Tag Archives: evolution

Bugs with Ale

Just a small change of pace…I fancy bugs with a pint tonight.

◊ Awesome parasite! Earlier we saw Pavel Krásenský’s photographs of mating Strepsiptera, now you can see Sean McCann‘s video of a male Strepsiptera emerging from a wasp.

You can almost hear it straining…

 

◊ Awesome author! David Quammen interview, by the Breaking Bio team.

See part two of the interview at the Breaking Bio Blog.

◊ In the last Bugs with Coffee, I introduced Nicky Bay. Now see what he’s done at Luminous Beauty: The Secret World of Fluorescent Arthropods.

Chris Buddle makes us itchy to learn more about the evolution of parasitoid wasps! Check it out at his new Scilog blog, Exspscor Exsipcor Expiscor!

◊ The Continuing Adventures of the Brain Scoop…hosted by Emily Graslie. (who has a Tumblr)

What to do after you’ve collected a good haul of bugs…

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Posted in Biodiversity, Bugs, Bugs with Coffee, Canada, Collection, Insect, Inspiration, macro, Parasitoid, photography, Science, Season, Web LInk, Winter | Also tagged , , , Comments Off

The Week on Sunday #21

Welcome to another Week on Sunday!

♦  The first half of yesterday was spent at City Centre, Edmonton, recording and photographing Chinese New Year’s celebrations. However  after an excellent free lunch at the Famous Wok, I stepped out, made my way to the LRT and then sped over to spend an afternoon at the U of A’s Earth Sciences Building. I was attending the launch of a new citizen-science program by the Alberta Lepidopterists’ Guild. AltaLeps  has initiated a new citizen-science project to create a butterfly atlas for Alberta. This will be a digital continuation of the original atlas, Alberta Butterflies (1995), which was co-authored and ‘fathered’ by Dr.Charles Bird. In  this program, John Acorn gathered a select group of speakers to tell us more about why a new atlas is needed and how this citizen-science project can benefit scientific research.

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Dr. Felix Sperling, Dr. Maxim Larrivee, Dr. Charles Bird, Dr. Greg Breed, Dr. Katy Prudic and John Acorn

John Acorn introduced the meeting by telling us why an online butterfly atlas is an important project to help link scientists and butterfly enthusiasts. I particularly appreciated  John emphasizing the social aspects of butterfly watching and how data collected by butterfly enthusiasts could,  in the future, be used in ways that have not been thought of yet.

Max Larrivée, who is one of the originators of eButterfly Canada, talked about his experiences with eButterfly and how the data collected has already helped his own research, showing how climate change is pushing the range of butterflies northward. He stressed how important it was that all contributors have access to all the data that is collected.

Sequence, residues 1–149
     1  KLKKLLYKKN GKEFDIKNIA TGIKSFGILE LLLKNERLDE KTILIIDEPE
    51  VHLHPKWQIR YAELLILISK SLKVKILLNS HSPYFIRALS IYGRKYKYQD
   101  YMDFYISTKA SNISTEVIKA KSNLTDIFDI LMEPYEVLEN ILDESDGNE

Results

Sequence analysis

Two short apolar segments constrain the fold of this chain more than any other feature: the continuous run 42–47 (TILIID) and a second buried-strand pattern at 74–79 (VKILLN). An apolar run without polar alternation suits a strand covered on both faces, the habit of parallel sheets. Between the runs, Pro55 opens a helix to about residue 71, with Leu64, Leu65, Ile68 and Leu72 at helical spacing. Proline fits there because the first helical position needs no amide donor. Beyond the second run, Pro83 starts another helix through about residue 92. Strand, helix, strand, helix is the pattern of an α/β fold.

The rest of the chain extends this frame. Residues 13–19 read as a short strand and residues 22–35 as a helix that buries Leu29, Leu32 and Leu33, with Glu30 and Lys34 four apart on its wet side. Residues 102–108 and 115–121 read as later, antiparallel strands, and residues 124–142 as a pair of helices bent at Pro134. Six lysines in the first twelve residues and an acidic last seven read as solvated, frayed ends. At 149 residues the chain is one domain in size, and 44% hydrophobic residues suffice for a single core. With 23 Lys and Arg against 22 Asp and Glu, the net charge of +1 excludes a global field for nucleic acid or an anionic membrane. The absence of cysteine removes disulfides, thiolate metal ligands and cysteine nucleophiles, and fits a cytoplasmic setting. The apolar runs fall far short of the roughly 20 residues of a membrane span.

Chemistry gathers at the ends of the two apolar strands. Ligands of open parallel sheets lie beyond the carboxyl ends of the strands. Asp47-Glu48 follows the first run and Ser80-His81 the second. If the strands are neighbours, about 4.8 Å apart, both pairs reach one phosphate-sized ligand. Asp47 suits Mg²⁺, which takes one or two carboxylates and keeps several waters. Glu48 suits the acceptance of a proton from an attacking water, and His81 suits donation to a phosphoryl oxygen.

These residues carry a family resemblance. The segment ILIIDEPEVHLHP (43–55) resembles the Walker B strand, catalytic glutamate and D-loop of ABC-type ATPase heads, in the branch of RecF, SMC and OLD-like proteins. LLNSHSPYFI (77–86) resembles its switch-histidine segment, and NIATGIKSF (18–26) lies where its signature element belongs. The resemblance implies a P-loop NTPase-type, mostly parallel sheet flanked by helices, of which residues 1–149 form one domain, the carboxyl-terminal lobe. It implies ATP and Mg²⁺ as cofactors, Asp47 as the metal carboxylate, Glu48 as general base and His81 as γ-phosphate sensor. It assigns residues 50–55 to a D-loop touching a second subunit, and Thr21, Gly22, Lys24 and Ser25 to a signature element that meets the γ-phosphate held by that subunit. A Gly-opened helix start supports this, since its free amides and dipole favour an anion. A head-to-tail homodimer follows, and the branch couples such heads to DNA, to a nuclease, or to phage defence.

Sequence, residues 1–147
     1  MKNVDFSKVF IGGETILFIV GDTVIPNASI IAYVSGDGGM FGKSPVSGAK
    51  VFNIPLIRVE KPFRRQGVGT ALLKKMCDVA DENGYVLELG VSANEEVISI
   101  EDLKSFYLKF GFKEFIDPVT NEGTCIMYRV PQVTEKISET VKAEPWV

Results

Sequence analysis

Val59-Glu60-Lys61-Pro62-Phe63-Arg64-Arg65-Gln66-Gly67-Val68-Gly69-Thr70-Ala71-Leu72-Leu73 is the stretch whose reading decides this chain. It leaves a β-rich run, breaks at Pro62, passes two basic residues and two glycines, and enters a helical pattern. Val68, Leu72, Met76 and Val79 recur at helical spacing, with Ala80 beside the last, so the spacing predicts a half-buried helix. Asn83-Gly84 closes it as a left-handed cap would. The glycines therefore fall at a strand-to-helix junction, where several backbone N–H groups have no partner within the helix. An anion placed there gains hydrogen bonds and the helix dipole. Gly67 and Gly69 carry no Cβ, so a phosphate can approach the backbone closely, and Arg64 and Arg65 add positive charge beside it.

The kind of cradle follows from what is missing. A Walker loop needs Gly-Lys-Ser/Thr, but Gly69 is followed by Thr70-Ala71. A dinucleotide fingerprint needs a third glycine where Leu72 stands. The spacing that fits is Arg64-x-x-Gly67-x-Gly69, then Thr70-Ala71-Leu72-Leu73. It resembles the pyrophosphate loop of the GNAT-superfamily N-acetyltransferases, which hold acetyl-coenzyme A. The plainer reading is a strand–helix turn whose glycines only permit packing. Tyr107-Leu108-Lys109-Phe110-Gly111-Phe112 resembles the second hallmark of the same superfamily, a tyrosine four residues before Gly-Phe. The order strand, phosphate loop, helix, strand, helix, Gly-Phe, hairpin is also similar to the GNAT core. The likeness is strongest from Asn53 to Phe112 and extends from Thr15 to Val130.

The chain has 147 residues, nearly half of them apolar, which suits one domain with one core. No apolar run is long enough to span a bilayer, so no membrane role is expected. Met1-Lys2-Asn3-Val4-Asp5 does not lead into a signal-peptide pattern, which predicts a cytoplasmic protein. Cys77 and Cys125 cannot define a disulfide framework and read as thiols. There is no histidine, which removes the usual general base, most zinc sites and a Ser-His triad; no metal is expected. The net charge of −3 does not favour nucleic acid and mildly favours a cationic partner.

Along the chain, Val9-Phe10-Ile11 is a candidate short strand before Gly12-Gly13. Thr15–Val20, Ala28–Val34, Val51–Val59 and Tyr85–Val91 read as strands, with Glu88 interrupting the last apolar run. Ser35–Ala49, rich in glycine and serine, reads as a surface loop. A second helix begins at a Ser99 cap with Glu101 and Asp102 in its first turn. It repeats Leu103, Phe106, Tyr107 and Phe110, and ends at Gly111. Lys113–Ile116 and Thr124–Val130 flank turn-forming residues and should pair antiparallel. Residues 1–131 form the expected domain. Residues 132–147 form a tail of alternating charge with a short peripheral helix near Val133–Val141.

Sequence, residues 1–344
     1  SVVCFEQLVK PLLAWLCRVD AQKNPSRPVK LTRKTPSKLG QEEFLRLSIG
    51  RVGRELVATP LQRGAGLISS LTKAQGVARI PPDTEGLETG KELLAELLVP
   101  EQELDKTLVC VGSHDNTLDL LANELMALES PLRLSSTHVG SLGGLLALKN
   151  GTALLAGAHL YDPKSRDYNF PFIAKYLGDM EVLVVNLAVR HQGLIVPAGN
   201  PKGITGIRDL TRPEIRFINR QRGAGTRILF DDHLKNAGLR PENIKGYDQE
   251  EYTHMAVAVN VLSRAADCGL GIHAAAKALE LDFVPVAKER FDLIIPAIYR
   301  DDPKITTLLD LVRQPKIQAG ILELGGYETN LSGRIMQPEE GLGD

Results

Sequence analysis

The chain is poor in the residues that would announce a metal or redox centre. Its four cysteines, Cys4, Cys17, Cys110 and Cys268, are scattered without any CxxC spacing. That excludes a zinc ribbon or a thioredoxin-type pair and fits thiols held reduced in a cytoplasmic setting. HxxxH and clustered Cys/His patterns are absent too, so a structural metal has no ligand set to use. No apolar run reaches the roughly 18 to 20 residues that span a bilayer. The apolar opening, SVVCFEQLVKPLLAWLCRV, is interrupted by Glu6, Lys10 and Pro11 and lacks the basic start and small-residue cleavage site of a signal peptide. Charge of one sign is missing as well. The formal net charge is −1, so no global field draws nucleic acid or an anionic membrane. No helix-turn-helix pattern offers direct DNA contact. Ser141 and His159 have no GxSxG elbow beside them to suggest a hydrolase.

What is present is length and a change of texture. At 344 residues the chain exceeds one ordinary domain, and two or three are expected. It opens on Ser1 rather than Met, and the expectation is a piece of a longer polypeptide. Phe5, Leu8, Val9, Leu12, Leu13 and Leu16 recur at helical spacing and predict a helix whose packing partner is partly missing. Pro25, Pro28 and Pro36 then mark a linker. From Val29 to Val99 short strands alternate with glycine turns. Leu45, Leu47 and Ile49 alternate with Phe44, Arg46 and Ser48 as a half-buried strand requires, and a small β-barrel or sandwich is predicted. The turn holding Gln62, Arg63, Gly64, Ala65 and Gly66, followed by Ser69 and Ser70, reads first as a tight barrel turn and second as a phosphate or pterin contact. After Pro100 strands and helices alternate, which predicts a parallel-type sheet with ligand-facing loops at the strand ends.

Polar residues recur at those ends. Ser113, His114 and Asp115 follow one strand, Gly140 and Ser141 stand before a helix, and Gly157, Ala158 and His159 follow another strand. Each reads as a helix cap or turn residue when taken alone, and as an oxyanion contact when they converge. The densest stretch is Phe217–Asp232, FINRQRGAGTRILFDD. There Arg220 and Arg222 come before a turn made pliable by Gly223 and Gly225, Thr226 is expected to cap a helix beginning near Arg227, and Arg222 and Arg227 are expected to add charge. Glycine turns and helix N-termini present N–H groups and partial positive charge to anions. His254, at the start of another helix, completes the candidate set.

Katy Prudic, from the University of Oregon spoke about her own research in: “Continental Co-Evolution: Using eButterfly to understand the geographic mosaic of plant-insect interactions.” Katy has been involved establishing  eButterfly in the USA.

Greg Breed, a Banting Post-Doctoral Fellow at the University of Alberta, spoke on his work in Massachusetts, where he has be using multiple sources of observational data (including citizen science based data) to study changes in butterfly ranges. He particularly noted that he could not have done his research without the help of archived citizen-enthusiast observations.

Charles Bird talked about how we should not lose the information collected in the pre-digital era, where a lot of data exists in private collections. He noted that eButterfly now has the ability to upload correctly formatted data in bulk. With Max Larrivée’s help, the data of over 500 of his  butterfly observations had just been uploaded to the eButterfly.ca site!

The session was completed with Felix Sperling speaking on how data has been collected since the publication of Alberta Butterflies. He mentioned the annual butterfly walks initiated by the Xerces Society  in the 1990′s, and how similar butterfly counts became a trend in Alberta under the leadership of Barbara and Jim Beck. He also pointed out how some data collected by members of the Alberta Lepidopterists Guild has already been available online through the virtual E.H. Strickland Entomology Museum, largely thanks to the work of Gary Anweiler, a moth enthusiast and founding member of the Alberta Lepidopterists Guild. Felix noted how important it is that all the various types of data should find their way into the eButterfly/Alberta Butterfly Atlas.

It was an interesting session, that gives a new sense of purpose for Alberta butterfly watchers, photographers and naturalists, knowing that their observations have the potential to influence science for many years to come. I look forward to learning more about the progress of the Alberta Butterfly Atlas and, most of all, being able to add data and explore the information that has been collected.

♦ From butterflies to lice: a video on the co-evolution of birds and bird lice. Illinois Natural History Survey ornithologist Kevin Johnson: